Deer ticks do not leap from the leaves onto the host's body, instead, when hosts brush against the leaves of plants, these ticks adhere themselves to the host's fur or clothing. Human beings are regarded as accidental hosts of deer ticks. Several viruses and bacteria are transmitted during the first 48 hours following a deer tick's bite.
The tick, after adhering itself to the host, will gorge on the host's blood and swell up to half the size of an American dog tick. These tiny bloodsuckers do not cause a painful bite, which is why it is so difficult to realize one is being bitten by the nasty tick. In fact, some people may not even be aware of the fact that he or she had encountered a deer tick bite, until certain symptoms show up a few days later.
Early detection enables one to hinder the transfer of dangerous diseases like human anaplasmosis (disease infecting white blood cells and causing gene expression alteration), deer tick Lyme disease (bacterial illness) and babesiosis (malaria-like parasitic disease). According to the Centers for Disease Control and Prevention, 27,444 cases of deer tick Lyme disease-affected people were reported in 2007, in the US.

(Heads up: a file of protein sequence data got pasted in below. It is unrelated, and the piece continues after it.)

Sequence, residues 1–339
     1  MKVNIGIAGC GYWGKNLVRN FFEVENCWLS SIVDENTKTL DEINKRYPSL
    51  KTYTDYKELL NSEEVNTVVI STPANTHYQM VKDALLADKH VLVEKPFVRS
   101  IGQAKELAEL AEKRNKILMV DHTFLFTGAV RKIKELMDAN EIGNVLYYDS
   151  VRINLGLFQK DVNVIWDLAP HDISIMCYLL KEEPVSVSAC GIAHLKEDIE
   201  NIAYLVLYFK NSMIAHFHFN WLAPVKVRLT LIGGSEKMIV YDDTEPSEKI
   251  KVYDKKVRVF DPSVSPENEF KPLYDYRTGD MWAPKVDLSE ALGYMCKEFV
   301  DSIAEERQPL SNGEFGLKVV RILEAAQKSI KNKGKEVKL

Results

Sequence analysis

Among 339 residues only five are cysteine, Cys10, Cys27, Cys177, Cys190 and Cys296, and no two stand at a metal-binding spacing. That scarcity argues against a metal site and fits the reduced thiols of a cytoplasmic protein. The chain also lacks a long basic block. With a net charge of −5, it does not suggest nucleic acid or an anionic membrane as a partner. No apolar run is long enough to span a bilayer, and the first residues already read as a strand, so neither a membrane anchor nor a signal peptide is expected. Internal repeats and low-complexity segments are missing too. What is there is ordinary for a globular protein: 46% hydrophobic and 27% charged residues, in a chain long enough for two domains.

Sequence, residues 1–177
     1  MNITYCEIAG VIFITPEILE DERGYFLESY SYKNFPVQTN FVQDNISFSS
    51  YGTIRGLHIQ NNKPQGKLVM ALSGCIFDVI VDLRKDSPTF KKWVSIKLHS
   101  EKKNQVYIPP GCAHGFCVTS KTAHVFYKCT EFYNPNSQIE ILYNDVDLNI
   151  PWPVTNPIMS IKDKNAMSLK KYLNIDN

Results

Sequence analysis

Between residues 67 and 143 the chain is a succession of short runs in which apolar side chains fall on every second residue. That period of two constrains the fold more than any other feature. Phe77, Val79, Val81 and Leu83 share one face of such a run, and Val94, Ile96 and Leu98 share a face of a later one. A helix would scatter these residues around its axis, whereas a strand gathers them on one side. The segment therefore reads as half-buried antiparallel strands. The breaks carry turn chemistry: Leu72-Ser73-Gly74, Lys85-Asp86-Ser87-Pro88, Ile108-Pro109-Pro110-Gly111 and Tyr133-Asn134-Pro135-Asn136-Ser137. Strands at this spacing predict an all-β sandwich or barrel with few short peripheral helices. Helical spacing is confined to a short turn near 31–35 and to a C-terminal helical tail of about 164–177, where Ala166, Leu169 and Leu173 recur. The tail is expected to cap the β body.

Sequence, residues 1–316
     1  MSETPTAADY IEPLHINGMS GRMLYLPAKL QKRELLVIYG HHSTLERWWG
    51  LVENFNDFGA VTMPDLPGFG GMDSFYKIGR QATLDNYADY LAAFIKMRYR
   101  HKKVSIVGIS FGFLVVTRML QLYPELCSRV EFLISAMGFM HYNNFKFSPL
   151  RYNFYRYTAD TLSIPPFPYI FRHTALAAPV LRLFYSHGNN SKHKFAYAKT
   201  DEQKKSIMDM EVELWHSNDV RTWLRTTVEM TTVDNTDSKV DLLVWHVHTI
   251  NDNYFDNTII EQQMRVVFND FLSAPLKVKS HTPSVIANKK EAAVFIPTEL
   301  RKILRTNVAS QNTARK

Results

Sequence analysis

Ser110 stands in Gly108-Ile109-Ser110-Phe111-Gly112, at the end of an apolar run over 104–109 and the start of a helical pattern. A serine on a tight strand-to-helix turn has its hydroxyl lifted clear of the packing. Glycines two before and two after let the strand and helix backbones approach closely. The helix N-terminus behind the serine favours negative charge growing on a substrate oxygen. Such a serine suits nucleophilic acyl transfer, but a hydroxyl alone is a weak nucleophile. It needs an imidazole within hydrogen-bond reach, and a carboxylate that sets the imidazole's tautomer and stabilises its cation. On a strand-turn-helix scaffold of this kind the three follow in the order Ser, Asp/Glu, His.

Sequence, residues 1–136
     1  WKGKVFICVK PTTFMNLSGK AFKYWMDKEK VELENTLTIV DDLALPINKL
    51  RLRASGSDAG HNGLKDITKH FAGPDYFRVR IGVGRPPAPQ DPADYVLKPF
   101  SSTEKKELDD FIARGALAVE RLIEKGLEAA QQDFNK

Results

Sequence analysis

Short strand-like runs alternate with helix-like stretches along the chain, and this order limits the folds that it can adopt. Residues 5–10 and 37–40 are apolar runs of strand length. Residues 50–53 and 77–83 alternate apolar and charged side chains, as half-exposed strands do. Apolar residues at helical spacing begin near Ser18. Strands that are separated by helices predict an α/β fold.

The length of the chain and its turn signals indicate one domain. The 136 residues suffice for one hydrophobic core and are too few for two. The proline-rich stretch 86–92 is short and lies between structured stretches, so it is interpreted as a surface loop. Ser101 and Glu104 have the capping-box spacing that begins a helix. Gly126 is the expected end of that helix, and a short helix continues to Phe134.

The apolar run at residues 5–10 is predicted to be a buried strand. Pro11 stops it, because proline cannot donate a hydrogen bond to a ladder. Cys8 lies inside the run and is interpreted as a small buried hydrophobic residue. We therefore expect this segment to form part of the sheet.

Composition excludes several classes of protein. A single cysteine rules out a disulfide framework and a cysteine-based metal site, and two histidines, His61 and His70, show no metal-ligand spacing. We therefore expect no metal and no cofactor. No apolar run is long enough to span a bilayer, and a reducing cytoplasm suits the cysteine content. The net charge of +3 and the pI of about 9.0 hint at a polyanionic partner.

Deer Tick Bite Symptoms
As these bites are painless, their early detection is very difficult. However, once the tick has finished with its blood sucking ritual, it will drop off, leaving the skin reddish, swollen, itchy and burning. A deer tick bite bears semblance to a mosquito bite, which is why it is often ignored in the initial stages. However, at times a red ring is formed around the bite, which is the distinguishing factor of deer tick bites.
Signs of any illness transmitted by the deer ticks will be visible only after several days or weeks. People often panic after such a bite, however, there is no reason to do so. Wait and watch. If one develops fever or rash in the next few days, then one needs to rush to the doctor. Otherwise, deal with deer tick bite as you would with any insect bite. If you are infected with Lyme disease, then the bitten site will swell and a bull's eye-shaped rash will appear a few days later.